Great Leaders and National Issues of 1896/Chapter 8/Wilson
William Lyne Wilson edit
Postmaster-General, Author of the “Wilson Bill”
William Lyne Wilson was born in Jefferson county, West Virginia, then a part of Virginia, May 3, 1843. His father, Benjamin Wilson, died when the son and only child was only four years old, and he was thus left to the care of his widowed mother. She trained him carefully, and having entered Columbian College, in Washington, D. C., he was graduated in 1860, and the same year became a student at the University of Virginia.
Stirring Times edit
Those were stirring times, for the country was about to plunge into civil war. Young Wilson had been in the University less than a year, when, with the majority of students, he withdrew to enter the Confederate service, in which he remained until the final surrender at Appomattox. He then returned to Columbian College, in which he was appointed Professor of Ancient Languages. While meeting the duties of this honorable place, he studied law and was graduated from the law school of that institution in 1867. At that time the “test oaths” prevented any person who had served in the Confederate service from practicing in the courts of West Virginia, but the law was repealed in 1871, and Professor Wilson began the duties of his profession in Charlestown. He was chosen as one of the West Virginia delegates to the National Democratic Convention in 1880, and as a State Elector at Large on the presidential Democratic ticket of that year.
In the Congress edit
In 1882 he became President of the West Virginia State University, and two weeks later was nominated by the Democratic Convention of the Second District for Representative in Congress, and elected in the following November. He acted as President of the University from March 4, 1883, without salary, until he took his seat as a member of the Forty-eighth Congress, in December of that year. He served for six terms, but was swept under by the wave of Republican successes in November, 1894. Postmaster-General Bissell having resigned early in 1895, President Cleveland nominated Professor Wilson as his successor, and he was promptly confirmed by the Senate. His appointment gave general satisfaction to all parties, for it was only a recognition of his extraordinary services in the cause of tariff reform.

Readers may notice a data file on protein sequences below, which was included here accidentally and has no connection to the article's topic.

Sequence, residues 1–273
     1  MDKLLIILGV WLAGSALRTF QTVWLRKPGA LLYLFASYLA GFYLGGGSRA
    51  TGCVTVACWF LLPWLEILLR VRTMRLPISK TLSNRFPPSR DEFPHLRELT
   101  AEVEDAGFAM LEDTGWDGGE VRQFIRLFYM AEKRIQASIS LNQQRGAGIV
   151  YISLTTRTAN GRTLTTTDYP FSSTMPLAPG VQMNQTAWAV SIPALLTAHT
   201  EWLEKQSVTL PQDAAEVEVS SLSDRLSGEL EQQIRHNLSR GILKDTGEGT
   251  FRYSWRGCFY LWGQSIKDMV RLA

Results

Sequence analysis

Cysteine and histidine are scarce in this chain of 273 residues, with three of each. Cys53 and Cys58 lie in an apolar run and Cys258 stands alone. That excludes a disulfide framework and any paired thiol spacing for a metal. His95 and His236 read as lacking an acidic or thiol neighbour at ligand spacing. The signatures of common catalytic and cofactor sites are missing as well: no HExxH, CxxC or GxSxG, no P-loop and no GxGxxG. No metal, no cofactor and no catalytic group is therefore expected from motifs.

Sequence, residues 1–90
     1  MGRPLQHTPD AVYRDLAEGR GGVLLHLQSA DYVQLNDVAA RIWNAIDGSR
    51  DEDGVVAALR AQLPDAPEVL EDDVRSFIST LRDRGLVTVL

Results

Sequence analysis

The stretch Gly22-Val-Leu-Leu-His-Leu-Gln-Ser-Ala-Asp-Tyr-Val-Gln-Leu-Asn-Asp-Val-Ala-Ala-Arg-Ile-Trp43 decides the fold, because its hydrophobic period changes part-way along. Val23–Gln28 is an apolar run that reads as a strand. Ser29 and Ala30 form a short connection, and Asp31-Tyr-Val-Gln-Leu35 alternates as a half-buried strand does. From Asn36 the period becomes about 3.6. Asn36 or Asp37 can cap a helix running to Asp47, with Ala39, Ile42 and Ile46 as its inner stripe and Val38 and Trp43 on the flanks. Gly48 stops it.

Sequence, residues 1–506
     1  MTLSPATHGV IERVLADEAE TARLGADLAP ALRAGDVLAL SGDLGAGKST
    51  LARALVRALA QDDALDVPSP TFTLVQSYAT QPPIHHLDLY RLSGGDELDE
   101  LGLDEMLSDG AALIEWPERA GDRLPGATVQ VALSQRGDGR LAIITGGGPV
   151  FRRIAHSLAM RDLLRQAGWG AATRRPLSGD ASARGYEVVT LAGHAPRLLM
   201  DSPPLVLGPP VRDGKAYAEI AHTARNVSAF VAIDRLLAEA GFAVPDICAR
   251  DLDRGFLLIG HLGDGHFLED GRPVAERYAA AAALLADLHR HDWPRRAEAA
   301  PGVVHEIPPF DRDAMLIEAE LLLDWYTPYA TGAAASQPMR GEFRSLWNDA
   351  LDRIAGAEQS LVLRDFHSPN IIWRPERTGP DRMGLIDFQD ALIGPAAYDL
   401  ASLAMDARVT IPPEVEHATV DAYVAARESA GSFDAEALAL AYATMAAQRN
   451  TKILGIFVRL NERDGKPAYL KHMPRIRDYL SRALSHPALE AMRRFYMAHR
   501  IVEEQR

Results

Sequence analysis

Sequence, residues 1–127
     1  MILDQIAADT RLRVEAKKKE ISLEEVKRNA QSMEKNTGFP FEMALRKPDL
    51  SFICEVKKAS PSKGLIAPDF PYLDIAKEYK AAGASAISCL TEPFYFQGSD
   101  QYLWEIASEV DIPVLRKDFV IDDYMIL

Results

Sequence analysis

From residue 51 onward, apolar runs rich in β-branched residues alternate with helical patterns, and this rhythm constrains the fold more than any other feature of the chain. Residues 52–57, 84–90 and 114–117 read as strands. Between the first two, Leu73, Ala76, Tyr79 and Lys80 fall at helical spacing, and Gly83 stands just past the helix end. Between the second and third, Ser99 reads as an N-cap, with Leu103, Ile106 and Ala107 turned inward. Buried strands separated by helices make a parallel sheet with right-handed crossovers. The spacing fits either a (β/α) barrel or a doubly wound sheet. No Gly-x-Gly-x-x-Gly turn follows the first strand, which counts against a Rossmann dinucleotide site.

The “Wilson Bill” edit
In 1893, Professor Wilson was chairman of the Ways and Means Committee, and the tariff bill which he presented in that year and fought through the House drew the attention of the entire country to him. No man ever wrought harder than he, toiling all day and far into the night, and none could have made a more vigorous, determined and successful contest upon the floor of the House. When triumph came at last, he was carried on the shoulders of his shouting adherents, the scene being one which no witness can ever forget. His exhausting labors proved serious, for his health broke down and it was a long time before he regained in any degree his usual strength. The “Wilson Bill,” whose merits it is not our province to discuss, has taken its place in history, and the author is acknowledged to be one of the brainiest and ablest members of his party.
Personal Qualities edit
Professor Wilson is a small man, slender of frame, and barely five feet in height. His pale face is that of a student, and his fine hair is rapidly becoming white. Although wholly absorbed in his public duties while in Washington, when he is at his home in Charlestown, West Virginia, he is a merry, rollicking boy among his four sons, provided they are at home with him. He is the happy father also of two daughters, and the family is an ideal one. Both he and his accomplished wife are Baptists, and when the new of his nomination to Congress reached him, they were at a prayer meeting. It was a case of the office seeking the man, and Professor Wilson has never in any sense of the word been a wire-puller.
A little fact may be mentioned here: the small pale disk which Professor Wilson sometimes wears as a scarf pin, was struck two thousand two hundred years ago, by command of the founder of the Macedonian empire. It shows the profile of Philip, and is one of the rarest coins in existence, carrying us back to the luminous noontide of Greek civilization, which still glows for the student beyond the mists and shadows of encroaching centuries.